$4.98m ARC funding brings circular economy training centre to Deakin

Media release

27 June 2024

One of the Australian Research Council's (ARC) six new Industrial Transformation Training Centres will be headquartered at Deakin University, spearheading the development of more efficient and sustainable materials in the pathway to net zero.

The ARC Training Centre for Resource Efficient Alloys in a Circular Economy 'circAlloy' will be supported by $4,988,139 in ARC funding and will be led by Professor Matthew Barnett, Chair in Metallurgy at Deakin’s Institute for Frontier Materials. Professor Barnett is an ARC Laureate whose world-leading research team unlocks the potential of metals to develop longer-lasting, energy-saving alloys, for critical industries such as mining and construction.

The centres funded under the ARC's Industrial Transformation Research Program support and foster industry-university research collaboration to drive Australian innovation in priority areas and develop industry-focused researchers.

Deakin's Deputy Vice Chancellor Research and Innovation Professor Matthew Clarke said the new training centre was a fantastic coup for Deakin in its mission to deliver education and research that builds a better future for all.

'circAlloy will help us train the next generation in alloy science and manufacturing for resource efficiency in a circular economy, creating a much-needed workforce of the future,' Professor Clarke said.

'The production of solid materials accounts for 23% of global CO2 emissions with steel production alone accounting for 7% of global emissions. More efficient and more circular materials are needed.'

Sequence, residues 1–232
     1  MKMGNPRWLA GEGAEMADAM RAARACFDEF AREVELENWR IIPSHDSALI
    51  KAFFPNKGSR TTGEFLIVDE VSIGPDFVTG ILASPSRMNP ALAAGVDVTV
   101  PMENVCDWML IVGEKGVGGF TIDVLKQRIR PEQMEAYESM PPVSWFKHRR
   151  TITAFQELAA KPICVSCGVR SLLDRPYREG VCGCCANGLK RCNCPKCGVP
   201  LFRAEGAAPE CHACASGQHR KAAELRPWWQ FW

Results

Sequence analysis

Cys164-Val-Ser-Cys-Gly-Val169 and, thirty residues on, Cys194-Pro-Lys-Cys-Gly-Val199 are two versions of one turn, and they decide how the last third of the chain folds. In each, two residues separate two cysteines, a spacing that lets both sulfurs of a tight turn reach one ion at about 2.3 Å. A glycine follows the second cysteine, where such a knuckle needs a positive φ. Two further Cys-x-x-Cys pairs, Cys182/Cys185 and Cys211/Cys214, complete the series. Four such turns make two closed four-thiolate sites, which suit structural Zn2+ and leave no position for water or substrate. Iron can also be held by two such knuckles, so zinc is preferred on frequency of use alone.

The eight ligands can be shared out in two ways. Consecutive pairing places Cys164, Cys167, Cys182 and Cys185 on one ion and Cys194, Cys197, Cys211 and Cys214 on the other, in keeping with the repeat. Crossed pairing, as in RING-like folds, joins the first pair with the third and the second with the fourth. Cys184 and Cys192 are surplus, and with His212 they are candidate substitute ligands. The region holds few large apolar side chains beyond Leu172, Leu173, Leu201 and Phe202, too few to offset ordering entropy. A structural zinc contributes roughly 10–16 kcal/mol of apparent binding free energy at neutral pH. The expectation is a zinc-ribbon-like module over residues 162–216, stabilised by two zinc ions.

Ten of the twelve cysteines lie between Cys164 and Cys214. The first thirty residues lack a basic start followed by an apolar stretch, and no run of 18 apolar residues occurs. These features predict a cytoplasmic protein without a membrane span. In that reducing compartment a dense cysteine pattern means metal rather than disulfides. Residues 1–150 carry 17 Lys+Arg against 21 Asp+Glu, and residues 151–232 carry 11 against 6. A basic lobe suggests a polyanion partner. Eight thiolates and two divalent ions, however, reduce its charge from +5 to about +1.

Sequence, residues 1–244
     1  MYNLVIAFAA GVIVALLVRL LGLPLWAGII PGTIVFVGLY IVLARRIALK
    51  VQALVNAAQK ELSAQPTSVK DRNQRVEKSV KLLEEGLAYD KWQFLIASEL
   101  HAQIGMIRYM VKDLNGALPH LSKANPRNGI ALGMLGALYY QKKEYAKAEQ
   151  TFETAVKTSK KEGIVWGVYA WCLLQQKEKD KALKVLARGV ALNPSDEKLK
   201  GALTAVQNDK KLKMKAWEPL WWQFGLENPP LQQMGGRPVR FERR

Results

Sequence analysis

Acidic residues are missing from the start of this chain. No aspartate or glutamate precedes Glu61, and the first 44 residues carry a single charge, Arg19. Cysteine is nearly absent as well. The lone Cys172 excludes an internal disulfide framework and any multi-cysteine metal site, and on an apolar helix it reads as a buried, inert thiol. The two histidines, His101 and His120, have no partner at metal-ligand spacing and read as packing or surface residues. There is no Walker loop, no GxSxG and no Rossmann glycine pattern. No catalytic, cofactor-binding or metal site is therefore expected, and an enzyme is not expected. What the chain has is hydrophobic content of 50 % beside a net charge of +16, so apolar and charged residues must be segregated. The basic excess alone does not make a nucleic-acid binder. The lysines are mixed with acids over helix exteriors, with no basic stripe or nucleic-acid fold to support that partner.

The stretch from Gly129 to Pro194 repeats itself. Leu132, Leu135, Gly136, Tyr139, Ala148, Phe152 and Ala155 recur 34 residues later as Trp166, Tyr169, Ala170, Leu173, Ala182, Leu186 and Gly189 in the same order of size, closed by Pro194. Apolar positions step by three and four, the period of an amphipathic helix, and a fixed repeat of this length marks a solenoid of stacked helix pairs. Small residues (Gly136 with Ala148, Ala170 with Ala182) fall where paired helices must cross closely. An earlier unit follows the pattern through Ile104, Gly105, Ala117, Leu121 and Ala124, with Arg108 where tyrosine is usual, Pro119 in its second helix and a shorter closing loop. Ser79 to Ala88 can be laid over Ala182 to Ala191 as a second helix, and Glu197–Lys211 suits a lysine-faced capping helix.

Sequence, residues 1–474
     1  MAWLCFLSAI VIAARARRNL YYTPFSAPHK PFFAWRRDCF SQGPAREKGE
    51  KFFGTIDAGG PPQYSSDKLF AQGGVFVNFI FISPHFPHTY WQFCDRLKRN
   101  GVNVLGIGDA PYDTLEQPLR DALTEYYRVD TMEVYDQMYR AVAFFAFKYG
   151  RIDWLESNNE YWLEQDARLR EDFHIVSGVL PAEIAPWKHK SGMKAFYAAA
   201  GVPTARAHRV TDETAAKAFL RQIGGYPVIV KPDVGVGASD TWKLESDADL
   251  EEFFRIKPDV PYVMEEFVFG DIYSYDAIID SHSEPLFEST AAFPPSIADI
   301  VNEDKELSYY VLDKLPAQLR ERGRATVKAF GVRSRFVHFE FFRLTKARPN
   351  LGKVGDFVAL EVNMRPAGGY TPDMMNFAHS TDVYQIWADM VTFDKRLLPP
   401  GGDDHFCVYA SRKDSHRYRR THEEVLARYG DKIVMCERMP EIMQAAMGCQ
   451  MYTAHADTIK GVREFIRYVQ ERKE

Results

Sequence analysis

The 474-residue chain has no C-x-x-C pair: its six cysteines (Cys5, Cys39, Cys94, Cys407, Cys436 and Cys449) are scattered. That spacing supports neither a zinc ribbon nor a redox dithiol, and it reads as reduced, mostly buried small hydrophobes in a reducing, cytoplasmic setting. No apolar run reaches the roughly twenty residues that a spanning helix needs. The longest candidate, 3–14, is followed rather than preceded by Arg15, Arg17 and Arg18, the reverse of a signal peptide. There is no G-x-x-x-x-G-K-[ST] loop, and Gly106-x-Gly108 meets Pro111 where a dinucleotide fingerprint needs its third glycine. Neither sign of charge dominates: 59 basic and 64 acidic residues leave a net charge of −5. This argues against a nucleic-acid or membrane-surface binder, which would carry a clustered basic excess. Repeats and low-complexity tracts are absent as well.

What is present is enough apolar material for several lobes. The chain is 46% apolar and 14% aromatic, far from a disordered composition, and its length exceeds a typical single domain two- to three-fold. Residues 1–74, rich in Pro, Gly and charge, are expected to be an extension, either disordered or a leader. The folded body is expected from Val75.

Research groups supporting the centre include Deakin's Institute for Frontier Materials and Applied Artificial Intelligence Institute, plus the Institute for Sustainable Futures at the University of Technology Sydney. Professor Barnett will be joined by centre deputy directors Professor Daniel Fabijanic (Deakin) and Professor Damien Giurco (University of Technology Sydney).

circAlloy will also bring together a consortium of industry collaborators, including Bradken Resources, Callidus, Bisalloy, Hystata, Dogood Austalia and FormFlow, who are committed to net zero via research and development and seeking skilled people to make the transition.

The centre will build on the success of Deakin's mineAlloy ARC Training Centre, also led by Professor Barnett.

'Metals are remarkable materials - malleable, strong, durable and highly recyclable. But despite those circular properties, the production of metals faces multifaceted challenges that put pressure on the environment and the economy,' Professor Barnett said.

'circAlloy will help us create alloys that stay in use for longer, enable a more circular economy and demand less resources, while at the same time facilitating innovation in renewable technologies. Nimble placement of researchers and research engineers on-site and in-lab will allow us to fast-track problem solving, audit processes, proof-of-concept testing, and the translation of research into real-world outcomes.'

circAlloy will have access to Deakin's state-of-the-art facilities and laboratories, as well as world class sustainability analysis and characterisation and testing.

The centre will also make use of Deakin's extensive pilot scale facilities, including the new fastAlloy Lab. This integrated rapid prototyping lab includes a vacuum suction eight-station arc melting furnace guided by AI, which can accelerate the development of new alloys from months to weeks.

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